Lebanon is one of the most diverse, and torn apart, countries in matters of religion. In this tiny country, at least 4 groups have distinct identities and long histories of poor relations with the other. At least three of them are large enough to expect major influence on society and politics. Religions represent the major challenge to unity and stability of the country.
Although it could be stated that Lebanon is divided into ethnic groups as well, these division lines amount to far less than religious division lines. Religion not only determines identity, it affects the entire life of an individual, from the quality and direction of ones education, economy and living standards to political preference.
There are only two, smaller groups that understand themselves primarily according to ethnicity, Kurds and the Armenians.
Lebanon used to be dominated by Christians, today, Muslims form the majority. Still, Muslims are divided sharply, into mainly Shi'i and Sunni.
According to its constitution, Lebanon is a secular country, but matters like marriage, divorce and inheritance are administered by a person's religious authorities. Law states that the President must be Maronite Catholic Christian, the Prime Minister must be Sunni Muslim, and the speaker of the parliament must be Shi'i Muslim. The president position has lost some of its powers, but remain commander of the armed forces.
Lebanon has a Muslim dominance of about 55%. Traditionally, official documents identify 5 branches of Islam: Shi'i, Sunni, Alawi, Isma'ili; and the Druze. All but Ismai'lis enjoy proportional representation in parliament. In the case of the Druze, they are not considered part of Islam by other Muslims, nor by scholars; in the case of the Isma'ilis, investigations into their faith make it impossible to consider them part of Islam, even if they are an offspring of Islam.
Shi'is of Lebanon are mainly Twelvers. They dominate South Lebanon; the northern part of the Baalbek area; the Hermel area; and the southern suburbs of Beirut.
Shi'is of Lebanon have suffered from much suppression through history, being treated as secondary compared with Sunnis and at times driven away from their homelands. But during the 16th century, Shi'i scholars of Lebanon travelled to Iran to aid the Safavids in making Shi'ism the state religion, and showed no more mercy for others than they had suffered themselves.
A peculiar and original form of Shi'ism is found with those of Persian descent. They follow the basics of Shi'ism, but also have reverence of the Semitic goddess Ishtar, who they call the Great Lady.
Sunnis are mainly residents of the major cities: western part of Beirut, Tripoli and Saida. They also live in areas like Akkar, Ikleem al-Kharoub and West Bekaa.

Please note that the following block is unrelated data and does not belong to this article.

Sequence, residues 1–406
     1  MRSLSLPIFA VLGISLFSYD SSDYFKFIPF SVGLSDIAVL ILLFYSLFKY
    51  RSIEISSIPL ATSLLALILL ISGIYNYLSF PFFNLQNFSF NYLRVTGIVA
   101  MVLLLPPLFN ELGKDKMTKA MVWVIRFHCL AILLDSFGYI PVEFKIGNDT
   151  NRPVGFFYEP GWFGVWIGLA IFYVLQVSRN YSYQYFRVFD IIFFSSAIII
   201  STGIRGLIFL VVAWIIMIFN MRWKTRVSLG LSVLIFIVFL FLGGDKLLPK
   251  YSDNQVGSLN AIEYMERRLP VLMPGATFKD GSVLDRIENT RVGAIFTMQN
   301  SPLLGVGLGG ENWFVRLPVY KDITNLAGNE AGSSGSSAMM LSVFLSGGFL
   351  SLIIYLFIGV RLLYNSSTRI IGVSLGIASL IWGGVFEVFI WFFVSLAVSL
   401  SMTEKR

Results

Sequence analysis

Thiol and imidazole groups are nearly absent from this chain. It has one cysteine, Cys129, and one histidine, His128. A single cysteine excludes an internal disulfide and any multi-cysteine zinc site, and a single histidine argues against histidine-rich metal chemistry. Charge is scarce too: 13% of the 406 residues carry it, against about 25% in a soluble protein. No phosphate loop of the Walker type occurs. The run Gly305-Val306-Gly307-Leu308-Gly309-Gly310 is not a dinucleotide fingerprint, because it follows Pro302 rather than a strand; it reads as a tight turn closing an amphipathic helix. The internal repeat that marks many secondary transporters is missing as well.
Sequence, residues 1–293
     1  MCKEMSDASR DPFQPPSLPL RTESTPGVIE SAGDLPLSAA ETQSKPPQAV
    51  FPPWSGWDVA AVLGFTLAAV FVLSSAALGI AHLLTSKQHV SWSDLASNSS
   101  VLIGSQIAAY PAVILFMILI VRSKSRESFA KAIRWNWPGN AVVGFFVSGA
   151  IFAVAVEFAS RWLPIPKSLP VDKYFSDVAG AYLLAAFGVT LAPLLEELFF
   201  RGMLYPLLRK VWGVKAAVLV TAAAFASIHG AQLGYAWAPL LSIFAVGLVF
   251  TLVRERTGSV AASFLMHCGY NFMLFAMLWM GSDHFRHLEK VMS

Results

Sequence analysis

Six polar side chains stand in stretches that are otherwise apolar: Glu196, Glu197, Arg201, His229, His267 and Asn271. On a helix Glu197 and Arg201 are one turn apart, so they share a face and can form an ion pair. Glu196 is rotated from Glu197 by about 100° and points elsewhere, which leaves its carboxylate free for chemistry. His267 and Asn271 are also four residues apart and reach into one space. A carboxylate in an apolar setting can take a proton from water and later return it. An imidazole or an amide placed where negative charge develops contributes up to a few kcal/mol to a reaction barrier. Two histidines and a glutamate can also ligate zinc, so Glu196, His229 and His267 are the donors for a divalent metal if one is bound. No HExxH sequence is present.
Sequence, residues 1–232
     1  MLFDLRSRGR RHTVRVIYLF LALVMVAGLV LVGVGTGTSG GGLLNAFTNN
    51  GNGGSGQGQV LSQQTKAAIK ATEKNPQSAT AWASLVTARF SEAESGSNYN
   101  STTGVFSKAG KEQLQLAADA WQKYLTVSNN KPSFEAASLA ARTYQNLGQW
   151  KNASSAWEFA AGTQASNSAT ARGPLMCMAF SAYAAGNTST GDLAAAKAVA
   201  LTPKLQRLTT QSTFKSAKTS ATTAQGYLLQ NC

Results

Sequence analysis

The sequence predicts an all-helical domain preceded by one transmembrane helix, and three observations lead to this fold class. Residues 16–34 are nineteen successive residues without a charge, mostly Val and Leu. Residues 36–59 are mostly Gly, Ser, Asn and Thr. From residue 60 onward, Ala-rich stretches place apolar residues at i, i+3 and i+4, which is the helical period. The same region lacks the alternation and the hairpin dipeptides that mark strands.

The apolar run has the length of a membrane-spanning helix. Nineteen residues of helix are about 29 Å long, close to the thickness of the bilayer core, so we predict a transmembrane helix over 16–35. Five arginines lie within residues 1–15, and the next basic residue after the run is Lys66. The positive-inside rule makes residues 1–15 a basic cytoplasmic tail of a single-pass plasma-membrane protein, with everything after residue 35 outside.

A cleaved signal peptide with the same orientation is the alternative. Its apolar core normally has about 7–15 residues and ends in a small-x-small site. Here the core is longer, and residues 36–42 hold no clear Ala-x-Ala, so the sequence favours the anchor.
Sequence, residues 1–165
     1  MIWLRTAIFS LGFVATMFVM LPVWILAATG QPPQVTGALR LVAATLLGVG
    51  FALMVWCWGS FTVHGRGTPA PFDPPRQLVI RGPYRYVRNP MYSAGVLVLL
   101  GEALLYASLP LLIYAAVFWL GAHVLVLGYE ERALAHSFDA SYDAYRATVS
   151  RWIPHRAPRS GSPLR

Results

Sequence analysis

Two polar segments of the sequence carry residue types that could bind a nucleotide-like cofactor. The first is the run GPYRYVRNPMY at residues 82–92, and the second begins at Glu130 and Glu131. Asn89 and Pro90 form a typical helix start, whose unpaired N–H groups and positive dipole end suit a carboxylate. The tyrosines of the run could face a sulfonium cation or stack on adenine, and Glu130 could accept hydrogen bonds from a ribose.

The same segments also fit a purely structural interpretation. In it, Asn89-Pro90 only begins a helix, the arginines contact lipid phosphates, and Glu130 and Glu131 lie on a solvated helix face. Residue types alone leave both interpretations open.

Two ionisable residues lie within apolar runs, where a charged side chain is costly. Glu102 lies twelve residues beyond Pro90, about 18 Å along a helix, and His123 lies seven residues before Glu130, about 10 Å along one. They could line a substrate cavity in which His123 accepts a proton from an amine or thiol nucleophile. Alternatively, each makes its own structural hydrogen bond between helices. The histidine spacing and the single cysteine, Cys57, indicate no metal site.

Sunnis of Lebanon belong to the Hanafi branch (madhhab) of law and theology (Sharia).
The history of Christianity in Lebanon goes back to the 1st and 2nd centuries CE, it is often claimed that Peter evangelized here; Paul did for sure. It spread, however, slowly in the early generations. First in the 4th century, did Christianity gain good ground with efforts of Saint Maron; it is from him that the Maronite church has its designation. Over the centuries, Maronite Christianity found refuge in the mountains, while empires fought wars over control of the Middle East.
In 1926, Christians counted to 84% of the Lebanese population, today emigration and lower birth rates have caused their percentage to fall to slightly less than 40%.
Christians are widely spread across most of Lebanon, in the eastern part of Beirut and its suburbs, northern part of the mountains, northern parts of the country, the town of Zahle in Bekaa Valley and Jezzine in the south.
Christians form numerous communities across Lebanon, the Maronites remain the most influential.
Monasteries in Lebanon are run by both the Maronites and the Orthodox Church.
A fourth group, the Druze, plays often an important part in the life of Lebanon, despite representing as little as 5.7% of the population. Druze form smaller communities in the south, and in particular in the Hasbayah region.
During the French mandate, the Druze were classified as a Muslim sect.
Reports indicate that there is a very small community of Isma'ilis remaining in Lebanon, counting less than 1,000. A much larger community is found in Syria.
There are still Jews left in Lebanon, but today counting no more than a few hundred, if so many.
There never were many Jews in Lebanon, in the 1940's, only between 5,000 and 6,000. For long they preferred to stay in their homeland, but with the Lebanese Civil War, those who could preferred to emigrate, mainly to Israel and the USA.